Case statement handles the user input, and either launches an application – Raspbian desktop, Kodi, or RetroPie – or Reboots or performs a Shutdown of the Raspberry Pi.
If an application is launched, the code in the
Case statement also recursively runs the menu script. This is done so that the menu is present if the user exits the application (as opposed to rebooting or shutting down the machine). Note that the full path and script name
/home/pi/tools/selector.sh are used, and should be updated if you rename and / or relocate the code.
The reason that this works is that the Bash terminal that is launched as the Pi completes the boot process remains running even after one of the main applications is launched; the selected application, such as RetroPie, is launched as a separate process on a different thread, independently of the terminal.
Installing the Menu Script
The menu is mainly implemented as a Bash script, which is installed by copying and pasting the code into a new file on the Raspberry Pi. There are a couple of ways to achieve this, using either GUI tools from the Raspbian desktop, or text-mode utilities via a remote connection from another machine.
Create a new text document using a tool such as Leafpad or gedit.
– Leafpad is installed as standard and can be accessed via the Raspbian desktop Menu, selecting Accessories, then Text Editor.
– gedit is a more sophisticated, but easy to use, text editor useful for simple programming and script editing, and supports syntax colourisation. To install gedit, run the following command from a terminal:
sudo apt-get install gedit
Copy the complete menu script from the page entitled Multipurpose Menu Selector Script: Source Code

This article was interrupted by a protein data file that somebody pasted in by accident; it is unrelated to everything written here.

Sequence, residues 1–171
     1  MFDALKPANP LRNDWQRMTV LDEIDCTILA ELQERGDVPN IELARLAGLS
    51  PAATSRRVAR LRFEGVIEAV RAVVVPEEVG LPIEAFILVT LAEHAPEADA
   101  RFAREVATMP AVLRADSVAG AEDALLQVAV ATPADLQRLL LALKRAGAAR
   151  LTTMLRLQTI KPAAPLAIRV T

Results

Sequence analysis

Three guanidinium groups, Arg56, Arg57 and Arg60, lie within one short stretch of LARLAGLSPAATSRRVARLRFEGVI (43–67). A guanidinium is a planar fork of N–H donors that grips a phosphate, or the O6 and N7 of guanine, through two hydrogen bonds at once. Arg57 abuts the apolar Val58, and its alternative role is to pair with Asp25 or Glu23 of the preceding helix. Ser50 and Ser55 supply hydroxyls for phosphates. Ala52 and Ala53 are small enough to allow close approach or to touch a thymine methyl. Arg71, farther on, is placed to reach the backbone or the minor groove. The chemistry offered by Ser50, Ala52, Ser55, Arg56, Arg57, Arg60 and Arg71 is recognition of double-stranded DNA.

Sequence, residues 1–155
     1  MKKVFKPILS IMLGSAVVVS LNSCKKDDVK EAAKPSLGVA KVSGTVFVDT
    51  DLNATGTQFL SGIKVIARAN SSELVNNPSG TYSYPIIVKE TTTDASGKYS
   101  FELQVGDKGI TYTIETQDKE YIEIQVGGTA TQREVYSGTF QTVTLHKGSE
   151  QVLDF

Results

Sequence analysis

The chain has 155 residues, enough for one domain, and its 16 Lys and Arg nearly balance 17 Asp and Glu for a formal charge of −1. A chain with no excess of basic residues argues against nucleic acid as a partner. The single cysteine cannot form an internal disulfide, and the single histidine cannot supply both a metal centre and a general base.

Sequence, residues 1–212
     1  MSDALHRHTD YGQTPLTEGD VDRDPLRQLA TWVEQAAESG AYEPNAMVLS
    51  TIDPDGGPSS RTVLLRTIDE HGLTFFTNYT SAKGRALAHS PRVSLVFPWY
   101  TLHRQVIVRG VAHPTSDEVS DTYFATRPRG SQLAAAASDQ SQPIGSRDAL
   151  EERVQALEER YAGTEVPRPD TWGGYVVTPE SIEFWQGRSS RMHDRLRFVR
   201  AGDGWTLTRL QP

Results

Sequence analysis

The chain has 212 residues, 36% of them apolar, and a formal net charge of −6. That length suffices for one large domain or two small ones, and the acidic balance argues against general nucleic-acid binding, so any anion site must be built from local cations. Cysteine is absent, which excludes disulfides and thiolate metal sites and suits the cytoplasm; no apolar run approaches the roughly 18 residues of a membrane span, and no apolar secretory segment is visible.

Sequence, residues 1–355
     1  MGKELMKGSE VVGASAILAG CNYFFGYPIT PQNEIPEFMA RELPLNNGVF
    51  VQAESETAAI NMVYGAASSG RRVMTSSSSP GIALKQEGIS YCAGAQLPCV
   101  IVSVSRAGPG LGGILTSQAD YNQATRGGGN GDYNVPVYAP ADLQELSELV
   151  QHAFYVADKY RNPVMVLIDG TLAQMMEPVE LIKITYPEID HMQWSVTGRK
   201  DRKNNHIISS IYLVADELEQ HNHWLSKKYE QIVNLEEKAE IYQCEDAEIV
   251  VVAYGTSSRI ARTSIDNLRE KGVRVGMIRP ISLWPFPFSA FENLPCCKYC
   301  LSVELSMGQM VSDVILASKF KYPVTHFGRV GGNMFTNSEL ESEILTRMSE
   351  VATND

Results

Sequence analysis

– click the link to open the page in a separate browser tab, than copy the code, and paste it into the text editor
Save the file into the
home/pi/toolsdirectory, naming it as
– if the
toolsdirectory does not exist, create it from the terminal using the command:
mkdir /home/pi/tools, or from within the GUI File Manager
Note: please ensure that the file does not have a
.txtextension appended to it by the text editor during the save process
- Connect to the Raspberry Pi from another machine (Windows, Linux, Android, Mac, etc.) using a remote shell client programme, such as PuTTY
Open a new file using the in-built Nano text editor (or your editor of choice). When launching Nano use the
sudoprefix command to ensure the new file can be written back to the file system:
sudo nano selector.sh
- Select and copy all of the script code from the page entitled Multipurpose Menu Selector Script: Source Code
- Paste the code into the newly created file on the Pi (if using PuTTY, a right-click of the mouse will copy the contents of the Windows clipboard into the shell).
- Save the file. If using Nano, press
Control + 'X', then
Mark the Script File as Executable
Whichever approach is used to create the script, it must be marked as an executable file so that the code within can be run by the operating system. This can be done via the GUI File Manager, or at the command line:
To Mark the File as Executable Using the GUI:
– select File Manager from the Accessories menu within the main desktop Menu
selector.sh, right click the file, select Properties, then the Permissions tab, and finally set Execute to Anyone
To Mark the File as Executable Using the Command Line:
– open a Bash console using the desktop Menu, selecting Accessories, then Terminal
– run the following command:
sudo chmod +x /home/pi/tools/selector.sh
Adding Code to Launch the Menu
The code which runs the script to display the menu is placed in the
.bashrc file, which is located in the home directory of the user Pi.
As this system file already exists, it is not possible to simply open a GUI text editor from the Raspbian desktop menu, add the necessary code, and save the file. This is due to the fact that the operating system launches programs, including text editors, with the permissions of the currently logged-in user; the Pi user account does not have permission to save changes to this system file.